CACA, a loose acronym which alternately stands for “Calarts collage association”,”Calarts collage club,” and finally “ Calarts collage associates”, yet which ultimately is the english colloquial for “poop” (caca) is an informal group which explores collage as a medium utilized to free oneself up and creating a time and space for form-making outside of formal curricula. Members folded in independent study classes with faculty, as well as exploring syllabi from other classes in their approaches to collage, as well.
According to co-founder Laura Bernstein, CACA is based on the tenet that, “We wanted to make a community around making, a space for discussion and critique, but without the feeling of judgement that one experiences in the crib room.” The rigors of design education can be frustrating and collaging was a way for students to enjoy time chatting and making visual form fun again.
Collage is another entry point to creation, a way to attempt the impractical in real time. The practice has continued after school, most notably for Bernstein, “It really opened up the world of textures and colors, and thinking about the relationships between them. You can experiment in a very hands-on way, where on the computer you don’t have the necessary looseness. I think that is one of the reasons people like to collage.”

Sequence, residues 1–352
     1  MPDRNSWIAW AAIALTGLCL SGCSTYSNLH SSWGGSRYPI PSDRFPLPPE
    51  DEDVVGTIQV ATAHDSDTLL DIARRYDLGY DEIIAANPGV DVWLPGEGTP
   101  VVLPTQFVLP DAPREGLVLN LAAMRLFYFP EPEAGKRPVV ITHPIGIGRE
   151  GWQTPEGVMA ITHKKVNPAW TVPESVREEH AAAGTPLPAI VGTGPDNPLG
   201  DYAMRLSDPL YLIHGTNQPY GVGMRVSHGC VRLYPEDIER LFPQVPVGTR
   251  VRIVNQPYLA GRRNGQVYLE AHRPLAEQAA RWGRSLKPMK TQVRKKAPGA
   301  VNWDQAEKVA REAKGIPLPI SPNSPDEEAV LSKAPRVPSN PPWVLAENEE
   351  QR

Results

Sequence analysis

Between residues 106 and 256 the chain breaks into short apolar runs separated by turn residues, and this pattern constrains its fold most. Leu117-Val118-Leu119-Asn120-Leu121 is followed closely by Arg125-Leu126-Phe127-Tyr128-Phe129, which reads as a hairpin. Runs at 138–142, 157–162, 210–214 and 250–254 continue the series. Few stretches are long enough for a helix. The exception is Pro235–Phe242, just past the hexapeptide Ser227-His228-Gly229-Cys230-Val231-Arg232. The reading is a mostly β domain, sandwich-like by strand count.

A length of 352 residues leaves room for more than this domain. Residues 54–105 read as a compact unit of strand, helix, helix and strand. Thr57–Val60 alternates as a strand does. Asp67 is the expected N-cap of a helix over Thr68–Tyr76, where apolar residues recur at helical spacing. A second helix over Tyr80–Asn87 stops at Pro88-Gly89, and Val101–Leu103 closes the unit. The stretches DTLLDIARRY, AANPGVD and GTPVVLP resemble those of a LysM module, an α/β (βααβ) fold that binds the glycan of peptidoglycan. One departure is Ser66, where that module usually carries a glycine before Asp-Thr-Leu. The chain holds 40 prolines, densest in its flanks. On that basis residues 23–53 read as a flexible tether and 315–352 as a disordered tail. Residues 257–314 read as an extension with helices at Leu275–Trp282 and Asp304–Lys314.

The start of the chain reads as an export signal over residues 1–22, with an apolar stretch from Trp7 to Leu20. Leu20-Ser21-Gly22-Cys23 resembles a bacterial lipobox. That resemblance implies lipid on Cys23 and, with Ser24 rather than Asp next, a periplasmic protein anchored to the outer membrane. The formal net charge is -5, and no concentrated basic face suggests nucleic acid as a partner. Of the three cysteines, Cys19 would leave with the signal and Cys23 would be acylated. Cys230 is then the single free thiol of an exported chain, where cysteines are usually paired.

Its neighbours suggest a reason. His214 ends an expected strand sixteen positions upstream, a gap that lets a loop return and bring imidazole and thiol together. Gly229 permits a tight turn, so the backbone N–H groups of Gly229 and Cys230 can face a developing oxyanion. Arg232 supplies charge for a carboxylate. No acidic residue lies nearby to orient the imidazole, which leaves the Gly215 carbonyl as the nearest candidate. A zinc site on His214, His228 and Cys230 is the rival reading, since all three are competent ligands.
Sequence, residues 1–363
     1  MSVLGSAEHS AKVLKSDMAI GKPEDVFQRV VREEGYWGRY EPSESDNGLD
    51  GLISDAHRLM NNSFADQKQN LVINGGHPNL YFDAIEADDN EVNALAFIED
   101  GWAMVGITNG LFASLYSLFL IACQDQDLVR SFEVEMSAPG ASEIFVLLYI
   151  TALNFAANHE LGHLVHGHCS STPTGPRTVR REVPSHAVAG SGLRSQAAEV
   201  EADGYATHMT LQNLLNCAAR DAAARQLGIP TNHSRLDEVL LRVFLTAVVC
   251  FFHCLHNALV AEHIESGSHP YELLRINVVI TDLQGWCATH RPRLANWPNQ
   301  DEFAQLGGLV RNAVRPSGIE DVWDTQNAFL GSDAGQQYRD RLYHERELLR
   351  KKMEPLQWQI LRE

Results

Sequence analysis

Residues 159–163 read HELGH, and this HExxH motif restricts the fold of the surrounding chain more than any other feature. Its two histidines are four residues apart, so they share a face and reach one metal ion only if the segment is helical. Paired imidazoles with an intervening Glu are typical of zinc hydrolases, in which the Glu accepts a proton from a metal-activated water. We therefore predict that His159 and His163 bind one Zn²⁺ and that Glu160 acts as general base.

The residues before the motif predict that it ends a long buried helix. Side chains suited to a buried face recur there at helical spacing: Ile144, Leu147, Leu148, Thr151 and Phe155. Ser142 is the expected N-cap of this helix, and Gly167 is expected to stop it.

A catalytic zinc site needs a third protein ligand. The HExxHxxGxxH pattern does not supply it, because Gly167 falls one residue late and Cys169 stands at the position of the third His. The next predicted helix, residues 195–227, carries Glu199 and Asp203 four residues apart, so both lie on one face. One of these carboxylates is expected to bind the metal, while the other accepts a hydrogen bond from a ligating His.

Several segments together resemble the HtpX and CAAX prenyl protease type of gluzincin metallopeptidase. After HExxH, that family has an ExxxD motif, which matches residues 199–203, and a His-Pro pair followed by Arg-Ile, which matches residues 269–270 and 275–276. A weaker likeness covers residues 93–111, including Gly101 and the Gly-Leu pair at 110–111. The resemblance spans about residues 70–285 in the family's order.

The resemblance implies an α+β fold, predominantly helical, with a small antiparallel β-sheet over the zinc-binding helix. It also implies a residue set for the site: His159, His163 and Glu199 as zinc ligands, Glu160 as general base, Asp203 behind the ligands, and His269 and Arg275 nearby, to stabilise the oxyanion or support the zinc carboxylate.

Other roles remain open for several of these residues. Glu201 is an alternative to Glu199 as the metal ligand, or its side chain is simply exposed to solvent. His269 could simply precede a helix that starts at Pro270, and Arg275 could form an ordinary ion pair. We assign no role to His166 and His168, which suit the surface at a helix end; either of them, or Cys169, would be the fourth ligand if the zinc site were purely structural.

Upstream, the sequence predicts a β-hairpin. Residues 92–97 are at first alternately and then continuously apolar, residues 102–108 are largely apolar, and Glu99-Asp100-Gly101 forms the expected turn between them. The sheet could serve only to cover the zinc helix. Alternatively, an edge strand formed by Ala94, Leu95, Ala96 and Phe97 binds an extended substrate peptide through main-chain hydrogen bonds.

CACA after graduation has a cathartic edge which is palpable: “We don’t have a client, we don’t have an agenda, we just have a pile of stuff, we eat dinner, drink and make collages. Ultimately, that’s it.”
The ‘collage club’ format has been extended into local art centers for youth, as well as into Bernstein’s thesis project, “Think about what that word (collage) means: to bring things together, to re-appropriate and give them new life.”
Ultimately the project is larger than its sum parts, “CACA is when we sit down and collage, it’s not when we put our designer hats on. It’s an interesting problem, an interesting thing to talk and think about. We fetishize books. We love beautiful objects. We want a beautifully printed and bound thing. CACA doesn’t want to be a thing. It’s so close, but it just won’t let itself, which I think is really wonderful. Who knows what’s going to happen next year; it could take a completely different form. It’s what you get out of it, and what you need from it, and everyone needs something different.”
This interview appeared in issue 360 of Idea Magazine, as part of a special section on the Graphic Design program at CalArts.